What’s there to see and do near Estero, Florida?


The Randell Research Center offers a glimpse into the lives of the Calusa Indians who inhabited this site for nearly 2,000 years. Once its largest city, the settlement was called “Tampa”. Now one can tour the archeological site of middens, canals, and a sacred burial ground and learn about this place.

Whenever planning trips for the family, one of the considerations always was, “what’s there to see and do when visiting?” During our three months here as resident docents at Koreshan State Historic Site, the question continues so in this blog we will share some of the places nearby that we have visited while living here in Estero, Florida.

One of our first stops was fifteen miles north of here to Pine Island and the archeological site called the Randell Research Center. Here, one of the major settlements of the Calusa Indians, who dominated this part of Florida for nearly 3,000 years, was located.  It is a remarkable place and the self-guided trails are very well marked so the tour becomes easy and informative and compelling. Continue reading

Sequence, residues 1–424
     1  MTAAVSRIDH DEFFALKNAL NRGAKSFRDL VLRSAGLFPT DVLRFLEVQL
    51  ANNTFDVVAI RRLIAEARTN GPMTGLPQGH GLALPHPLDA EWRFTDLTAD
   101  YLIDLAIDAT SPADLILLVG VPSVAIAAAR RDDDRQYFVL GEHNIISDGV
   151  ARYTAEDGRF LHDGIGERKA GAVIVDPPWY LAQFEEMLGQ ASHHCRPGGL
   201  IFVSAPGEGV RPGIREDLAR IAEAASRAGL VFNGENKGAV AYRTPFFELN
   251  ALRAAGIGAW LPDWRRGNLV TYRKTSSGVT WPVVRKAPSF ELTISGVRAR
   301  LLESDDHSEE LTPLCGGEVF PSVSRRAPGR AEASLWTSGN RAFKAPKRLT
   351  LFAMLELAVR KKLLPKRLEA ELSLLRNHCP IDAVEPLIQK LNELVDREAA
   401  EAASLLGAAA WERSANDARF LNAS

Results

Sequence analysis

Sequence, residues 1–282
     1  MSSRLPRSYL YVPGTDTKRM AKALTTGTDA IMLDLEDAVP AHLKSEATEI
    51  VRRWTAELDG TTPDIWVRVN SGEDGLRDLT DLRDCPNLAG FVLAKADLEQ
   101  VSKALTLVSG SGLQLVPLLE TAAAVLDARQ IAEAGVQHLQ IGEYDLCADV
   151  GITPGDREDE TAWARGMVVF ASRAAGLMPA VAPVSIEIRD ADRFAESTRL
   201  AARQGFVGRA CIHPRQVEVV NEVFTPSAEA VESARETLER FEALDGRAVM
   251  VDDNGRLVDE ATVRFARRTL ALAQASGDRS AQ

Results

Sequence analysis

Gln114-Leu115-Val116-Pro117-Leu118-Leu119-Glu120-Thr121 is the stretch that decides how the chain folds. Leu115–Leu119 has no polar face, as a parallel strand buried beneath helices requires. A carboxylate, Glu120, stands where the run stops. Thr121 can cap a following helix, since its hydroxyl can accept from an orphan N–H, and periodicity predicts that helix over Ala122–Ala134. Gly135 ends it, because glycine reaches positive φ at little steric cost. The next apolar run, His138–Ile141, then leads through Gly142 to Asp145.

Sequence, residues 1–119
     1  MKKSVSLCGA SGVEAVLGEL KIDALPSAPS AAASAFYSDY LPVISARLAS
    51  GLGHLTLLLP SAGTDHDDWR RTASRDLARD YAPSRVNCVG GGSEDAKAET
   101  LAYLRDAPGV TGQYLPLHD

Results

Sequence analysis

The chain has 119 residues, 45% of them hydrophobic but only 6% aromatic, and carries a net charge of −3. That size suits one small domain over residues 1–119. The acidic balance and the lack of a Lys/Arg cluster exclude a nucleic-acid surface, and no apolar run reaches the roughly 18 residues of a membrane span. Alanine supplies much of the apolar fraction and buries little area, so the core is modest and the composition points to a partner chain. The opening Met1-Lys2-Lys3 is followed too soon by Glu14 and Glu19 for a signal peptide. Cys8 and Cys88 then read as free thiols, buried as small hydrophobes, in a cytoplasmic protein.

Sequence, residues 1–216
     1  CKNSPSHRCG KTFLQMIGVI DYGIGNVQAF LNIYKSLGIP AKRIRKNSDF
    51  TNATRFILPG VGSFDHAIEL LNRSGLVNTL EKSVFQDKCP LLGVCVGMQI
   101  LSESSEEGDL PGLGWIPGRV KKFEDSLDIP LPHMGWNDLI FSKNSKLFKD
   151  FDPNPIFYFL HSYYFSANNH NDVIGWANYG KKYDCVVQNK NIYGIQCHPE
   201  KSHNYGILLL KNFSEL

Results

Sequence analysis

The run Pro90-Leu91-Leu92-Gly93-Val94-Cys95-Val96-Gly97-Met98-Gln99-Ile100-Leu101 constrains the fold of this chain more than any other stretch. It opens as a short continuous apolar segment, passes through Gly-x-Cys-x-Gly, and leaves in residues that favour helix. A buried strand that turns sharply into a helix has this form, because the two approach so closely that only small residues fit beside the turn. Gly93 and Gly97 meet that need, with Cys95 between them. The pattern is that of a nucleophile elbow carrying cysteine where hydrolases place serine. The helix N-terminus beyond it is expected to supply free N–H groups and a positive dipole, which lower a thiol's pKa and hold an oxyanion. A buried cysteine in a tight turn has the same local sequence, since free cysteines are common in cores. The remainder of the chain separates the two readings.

The new kids on the block at Koreshan State Historic Park.


We cross the Estero River as we walk from our Volunteer Village to work in the settlement.

Getting settled into the Volunteer Village is like moving into a neighborhood. Our new neighborhood is tucked along the Estero River and has just one street made of hard packed sand and crushed shells. A total of about twenty of us, living in RVs and travel trailers and 5th-wheelers, make up this temporary community of travelers volunteering at Koreshan State Historic Park in Estero, Florida. All were here when we arrived, making us the “new kids on the block”.

We were welcomed into the Village by the volunteer supervisor, Ron, and his warm and friendly wife, Joan. Our campsite is directly across from the bathrooms and showers, which is wonderfully convenient.  We discovered clotheslines for air-drying laundry, which presents the delightful prospect of sleeping on sheets that have dried in the generous Florida sun. Continue reading